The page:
InFocus IN3114 XGA DLP Projector
Projector Central Highly Recommended Award

Highly Recommended Award

Our Highly Recommended designation is earned by products offering extraordinary value or performance in their price class.

  • Performance
  • 5
  • Features
  • Ease of Use
  • Value
Price
$1,225 MSRP Discontinued

Not many projectors deliver top-notch video and audio at a brightness level that handles the image washout of well-lit rooms. But the InFocus IN3114 is one that does. Rated at 3,500 ANSI lumens and listing for $1,499, this projector is well suited for mid-sized classrooms and conference rooms when ambient light is an issue. Its native 1024x768 DLP light engine accepts data up to 1440x900 and video from 480i to 1080i. All in all, this bright, 7 lb. projector delivers a lot of bang for the buck.

Overview

Brightness and Uniformity: In its Bright preset mode with BrilliantColor on, our test unit put 3,070 ANSI lumens on the screen which is a little less than its 3,500-lumen rating. Presentation and Video modes delivered 1,655 and 1,535 lumens, respectively while Eco mode reduced brightness by 18% in all preset modes. That's not bad when you consider that Eco mode extends lamp life from 3,000 to 4,000 hours and lowers fan noise in the process. The 1.2:1 zoom lens at full telephoto only dropped brightness by 9%, so you're not giving up much picture quality if you have to place the projector farther from the screen. Uniformity was a very respectable 87% with the bottom half of the image a little brighter than the top.

Image Sharpness: Images are in focus from edge-to-edge and sharpness is excellent in the corners as well. Data inputs from my Mac as high as 1344x1008 were seamlessly scaled and showed no artifacts or fuzziness.

Image Size and Position: Image diagonals from 24" to 244" can be projected from distances of 4' to 33', respectively. At about 6' from the screen, the center of the lens is 6" below the bottom of the image, so getting an image of appropriate height for a moderate-size room should be possible without using much of the available ±30° keystone correction. The projector can be elevated by dropping and locking the single front foot, and if horizontal leveling is needed, the right rear foot can be adjusted.

Menus and Remote: The on-screen menus are easy to understand, but they tend to be layered deeply. For example, the Basic Picture menu has 12 different settings while the Advanced Picture menu has 23, and the Setup menu presents you with a dizzying array of 39 choices. Fortunately, most of these are one-time selections, and the menus are easy to navigate with the remote control. The remote itself only has 17 buttons and is laid out clearly and cleanly with very memorable icons. The only function that's a bit frustrating is the unidirectional Preset selection button because if you miss the preset you're after, you must cycle through the six other presets to get back to the one you want.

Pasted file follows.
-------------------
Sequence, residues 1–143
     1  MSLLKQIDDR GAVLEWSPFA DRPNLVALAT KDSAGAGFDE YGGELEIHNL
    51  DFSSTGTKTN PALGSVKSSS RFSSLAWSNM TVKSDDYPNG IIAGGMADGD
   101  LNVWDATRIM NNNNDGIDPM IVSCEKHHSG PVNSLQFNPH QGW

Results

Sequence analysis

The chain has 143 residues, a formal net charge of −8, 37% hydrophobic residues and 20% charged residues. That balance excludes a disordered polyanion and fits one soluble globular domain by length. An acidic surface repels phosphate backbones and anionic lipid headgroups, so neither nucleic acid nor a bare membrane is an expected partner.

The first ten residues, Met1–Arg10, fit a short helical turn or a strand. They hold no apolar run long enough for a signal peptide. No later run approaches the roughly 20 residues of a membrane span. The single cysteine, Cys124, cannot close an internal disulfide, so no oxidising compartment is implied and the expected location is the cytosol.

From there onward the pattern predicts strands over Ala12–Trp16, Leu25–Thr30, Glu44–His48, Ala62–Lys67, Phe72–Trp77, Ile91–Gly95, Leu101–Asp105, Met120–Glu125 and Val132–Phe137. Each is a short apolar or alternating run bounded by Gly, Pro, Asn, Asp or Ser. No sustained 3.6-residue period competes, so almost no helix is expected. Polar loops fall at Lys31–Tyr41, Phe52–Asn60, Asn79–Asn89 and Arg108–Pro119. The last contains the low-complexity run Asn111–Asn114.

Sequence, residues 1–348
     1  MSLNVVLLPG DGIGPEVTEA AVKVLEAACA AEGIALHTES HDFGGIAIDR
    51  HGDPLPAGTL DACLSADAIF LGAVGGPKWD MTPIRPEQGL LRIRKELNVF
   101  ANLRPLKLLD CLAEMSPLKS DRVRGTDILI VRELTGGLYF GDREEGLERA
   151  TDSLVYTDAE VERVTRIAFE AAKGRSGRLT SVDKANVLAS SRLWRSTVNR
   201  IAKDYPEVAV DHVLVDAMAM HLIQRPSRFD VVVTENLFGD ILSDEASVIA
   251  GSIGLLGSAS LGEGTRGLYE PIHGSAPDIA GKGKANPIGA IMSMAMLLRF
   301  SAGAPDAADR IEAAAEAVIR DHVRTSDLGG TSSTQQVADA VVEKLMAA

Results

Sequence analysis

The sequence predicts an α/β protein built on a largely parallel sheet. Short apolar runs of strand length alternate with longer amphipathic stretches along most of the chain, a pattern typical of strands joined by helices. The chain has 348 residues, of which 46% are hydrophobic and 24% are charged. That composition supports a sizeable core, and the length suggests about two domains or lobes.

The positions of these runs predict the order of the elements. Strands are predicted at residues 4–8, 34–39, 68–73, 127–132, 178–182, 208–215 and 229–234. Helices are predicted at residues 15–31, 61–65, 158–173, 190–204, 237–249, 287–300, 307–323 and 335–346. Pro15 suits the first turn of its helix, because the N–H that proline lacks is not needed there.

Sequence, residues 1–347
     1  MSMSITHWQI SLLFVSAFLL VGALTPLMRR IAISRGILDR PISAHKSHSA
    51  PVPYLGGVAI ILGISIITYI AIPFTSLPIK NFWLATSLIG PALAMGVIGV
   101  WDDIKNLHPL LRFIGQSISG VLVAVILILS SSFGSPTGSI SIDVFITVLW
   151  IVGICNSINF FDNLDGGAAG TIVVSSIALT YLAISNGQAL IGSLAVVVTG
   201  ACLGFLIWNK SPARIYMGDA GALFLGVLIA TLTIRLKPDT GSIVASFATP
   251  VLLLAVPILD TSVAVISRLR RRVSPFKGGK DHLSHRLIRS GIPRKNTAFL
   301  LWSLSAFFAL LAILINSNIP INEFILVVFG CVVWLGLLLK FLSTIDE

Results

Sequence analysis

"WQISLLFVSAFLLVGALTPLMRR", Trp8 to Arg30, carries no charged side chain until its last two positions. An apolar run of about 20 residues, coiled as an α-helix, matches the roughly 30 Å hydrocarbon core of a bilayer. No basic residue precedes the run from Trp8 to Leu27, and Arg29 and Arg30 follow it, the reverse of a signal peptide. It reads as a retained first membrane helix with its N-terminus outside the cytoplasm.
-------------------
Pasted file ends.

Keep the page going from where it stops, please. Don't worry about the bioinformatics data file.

Connections: The IN3114 has three input connectors for data images (two VGA and one HDMI) and three for video sources (composite video, s-video, and component video via one of the VGA connectors). Since some DVD players will connect via the HDMI connector, HDCP security is provided. There is also a USB port for memory sticks with picture files which are displayed in a slide show format. Two audio input mini-jacks are complemented by a single audio output should external amplification be needed.

For network connection there's an RJ-45 connector, and a D-sub 9-pin connector is provided for remote sensing and control. Monitor loop through is also available in the connector cluster. For security, a Kensington lock assembly is built in.

Preset modes: Preset modes include three selections that change color emphasis to compensate for non-standard projection surfaces such as blackboards and painted walls, and there are four others titled Bright, Presentation, Video, and User with each having its own color and brightness levels.

One very impressive feature of the IN3114 is the accuracy with which saturation, hue, contrast, and brightness are preset in the Movie mode. Just plug in a DVD player, sit back, and enjoy your movie without changing a thing . . . it's that good. The seven preset modes vary the image brightness as described earlier, and Bright mode tends toward green while Presentation has a slight blue tint. Note that image adjustments for saturation and hue in a preset can only be made when connecting composite, s-video, and component video sources. This means that if you connect a video source via the HDMI input, you'll have to go to the User preset to vary saturation and hue if you don't like the look of the Movie preset mode.